The medical history podcast Sawbones, which I’ve been listening to for like a decade now, recently had an episode about when tomatoes were the trendy superfood (back in the mid-1800s). Before then, tomatoes were thought to be poisonous. The man who popularized them was a guy named John Cook Bennett, and his life was fucking wild. Sydnee McElroy, co-host of the podcast, mentioned a biography of Cook. I knew I had to read it.

The Saintly Scoundrel: The Life and Times of Dr. John Cook Bennett by Andrew F. Smith came out in 1997. It was unavailable as an ebook, so I broke down and got it through interlibrary loan. It was the first paper book I’ve read in ages. I enjoyed the physical act of holding the book, though I wished I could make the type larger…

Anyway. Bennett led one hell of a life. He started adulthood as an apprentice to a doctor. At the time, it was rare for a doctor to have an M.D.; apprenticeship was all that was necessary. He started practicing medicine, and also became a preacher. Sounds pretty normal, right?

I’m not going to tell you the whole story, but here are some highlights:

  • He started several universities, and sold diplomas to anyone who wanted one.
  • He popularized the tomato, through lots of published letters and articles.
  • He joined up with the newly founded Mormons, became best friends with Joseph Smith, became the #2 man in the church, and collected power like some people collect Pokemon. He then had a falling out with Smith, was excommunicated, and sold Smith’s secrets to the press. Mormons loathe him to this day, and he’s been called the “Mormon Benedict Arnold.”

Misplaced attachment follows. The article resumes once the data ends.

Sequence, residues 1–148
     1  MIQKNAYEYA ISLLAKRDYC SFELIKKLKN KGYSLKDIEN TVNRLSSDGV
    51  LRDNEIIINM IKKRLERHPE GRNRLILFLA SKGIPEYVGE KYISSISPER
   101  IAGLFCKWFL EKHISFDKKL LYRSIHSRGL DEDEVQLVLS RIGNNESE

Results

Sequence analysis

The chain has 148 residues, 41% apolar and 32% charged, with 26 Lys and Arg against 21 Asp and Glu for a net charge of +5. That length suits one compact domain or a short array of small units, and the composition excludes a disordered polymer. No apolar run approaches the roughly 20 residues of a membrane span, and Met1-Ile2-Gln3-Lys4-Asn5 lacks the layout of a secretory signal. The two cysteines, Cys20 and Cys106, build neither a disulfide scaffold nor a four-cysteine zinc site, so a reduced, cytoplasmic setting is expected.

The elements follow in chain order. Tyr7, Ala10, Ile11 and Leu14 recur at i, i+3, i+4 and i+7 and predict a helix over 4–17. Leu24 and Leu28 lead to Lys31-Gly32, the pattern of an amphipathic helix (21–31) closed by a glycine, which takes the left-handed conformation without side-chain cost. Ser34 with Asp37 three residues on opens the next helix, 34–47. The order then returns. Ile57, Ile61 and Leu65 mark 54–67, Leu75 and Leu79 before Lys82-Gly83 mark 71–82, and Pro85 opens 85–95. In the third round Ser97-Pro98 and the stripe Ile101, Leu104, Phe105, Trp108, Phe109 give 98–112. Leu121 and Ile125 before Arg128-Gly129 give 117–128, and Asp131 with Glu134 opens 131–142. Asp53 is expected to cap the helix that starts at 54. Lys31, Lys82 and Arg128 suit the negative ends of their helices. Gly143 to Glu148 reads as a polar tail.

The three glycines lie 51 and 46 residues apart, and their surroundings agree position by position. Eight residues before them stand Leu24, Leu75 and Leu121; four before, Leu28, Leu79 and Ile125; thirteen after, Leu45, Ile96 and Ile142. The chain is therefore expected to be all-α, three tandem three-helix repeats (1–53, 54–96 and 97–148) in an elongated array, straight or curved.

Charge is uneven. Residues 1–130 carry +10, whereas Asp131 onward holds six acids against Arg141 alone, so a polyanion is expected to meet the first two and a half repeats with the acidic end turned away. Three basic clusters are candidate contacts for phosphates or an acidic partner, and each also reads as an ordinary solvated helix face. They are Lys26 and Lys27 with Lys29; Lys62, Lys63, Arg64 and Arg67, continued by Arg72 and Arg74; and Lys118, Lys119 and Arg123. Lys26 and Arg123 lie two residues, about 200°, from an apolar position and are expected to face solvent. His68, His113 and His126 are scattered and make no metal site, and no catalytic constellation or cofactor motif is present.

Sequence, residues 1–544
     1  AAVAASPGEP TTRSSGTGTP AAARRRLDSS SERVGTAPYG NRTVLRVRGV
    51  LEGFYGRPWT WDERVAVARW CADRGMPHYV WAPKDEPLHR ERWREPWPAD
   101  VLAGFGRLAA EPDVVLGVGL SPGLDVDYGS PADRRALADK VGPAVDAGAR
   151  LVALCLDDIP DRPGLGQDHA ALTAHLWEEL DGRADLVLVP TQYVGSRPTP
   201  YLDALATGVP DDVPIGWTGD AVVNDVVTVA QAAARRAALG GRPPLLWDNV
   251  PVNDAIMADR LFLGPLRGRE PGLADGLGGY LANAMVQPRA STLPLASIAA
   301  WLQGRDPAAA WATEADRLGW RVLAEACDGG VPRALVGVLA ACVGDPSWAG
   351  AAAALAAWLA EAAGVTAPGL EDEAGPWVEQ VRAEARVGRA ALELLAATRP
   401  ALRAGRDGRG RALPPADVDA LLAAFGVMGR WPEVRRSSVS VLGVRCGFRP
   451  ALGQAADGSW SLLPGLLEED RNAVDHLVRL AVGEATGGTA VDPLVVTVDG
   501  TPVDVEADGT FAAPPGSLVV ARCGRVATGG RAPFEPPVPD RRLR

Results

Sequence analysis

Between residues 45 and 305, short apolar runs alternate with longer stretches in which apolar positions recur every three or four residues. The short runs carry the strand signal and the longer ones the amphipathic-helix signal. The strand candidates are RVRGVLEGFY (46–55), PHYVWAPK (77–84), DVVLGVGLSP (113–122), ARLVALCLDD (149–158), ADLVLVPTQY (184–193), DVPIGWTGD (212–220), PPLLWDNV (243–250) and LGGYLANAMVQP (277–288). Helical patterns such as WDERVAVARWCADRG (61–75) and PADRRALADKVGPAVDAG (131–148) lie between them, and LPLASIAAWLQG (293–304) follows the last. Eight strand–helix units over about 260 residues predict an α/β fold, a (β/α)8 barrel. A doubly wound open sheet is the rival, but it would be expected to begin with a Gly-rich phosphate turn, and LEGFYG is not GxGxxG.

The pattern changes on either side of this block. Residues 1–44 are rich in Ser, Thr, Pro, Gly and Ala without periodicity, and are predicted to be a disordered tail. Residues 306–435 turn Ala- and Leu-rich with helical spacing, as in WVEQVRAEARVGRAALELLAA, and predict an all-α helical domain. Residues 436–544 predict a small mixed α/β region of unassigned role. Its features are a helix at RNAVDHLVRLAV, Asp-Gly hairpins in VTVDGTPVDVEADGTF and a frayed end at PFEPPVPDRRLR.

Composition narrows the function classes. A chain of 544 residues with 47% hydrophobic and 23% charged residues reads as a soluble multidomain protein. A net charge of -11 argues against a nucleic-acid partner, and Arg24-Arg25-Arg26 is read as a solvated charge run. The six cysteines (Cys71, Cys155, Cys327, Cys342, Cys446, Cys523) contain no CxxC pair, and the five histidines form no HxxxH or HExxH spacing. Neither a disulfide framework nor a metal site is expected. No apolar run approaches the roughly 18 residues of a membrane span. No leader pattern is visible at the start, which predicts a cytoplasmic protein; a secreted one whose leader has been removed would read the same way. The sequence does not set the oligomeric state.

• After going on a lecture tour to talk about how horrible the Mormons were, and publishing a tell-all book about them, he rejoined the church. This guy must have been hella charming. He became the #2 man of a breakaway sect after Smith died, and founded a group called the Illuminati.
  • He was the guy who brought Concord grapes, peaches, and more plants to Iowa that went on to become common crops there.
  • He was the founder of America’s first poultry breeding show, which still happens annually to this day. He developed new breeds of chickens, wrote extensively about fowl, and popularized chicken breeding for the average person.
  • He was a successful political lobbyist throughout his lifetime, despite being a complete con artist. He also held a few political posts, like Quartermaster General of Illinois.

There’s lots more, but holy hell this guy got around. He did a bunch of awesome things that still affect this country, and a bunch of terrible things that changed the Mormon church permanently. The book was great fun to read. He’s definitely someone worth learning more about, if you get the chance.

Categories: History

1 Comment

Becca · February 28, 2023 at 5:35 am

This sounds *amazing*. Now I want to read it too. I too, would one day like to start several universities and sell diplomas to all comers. It sounds like a legit career right now in the US.

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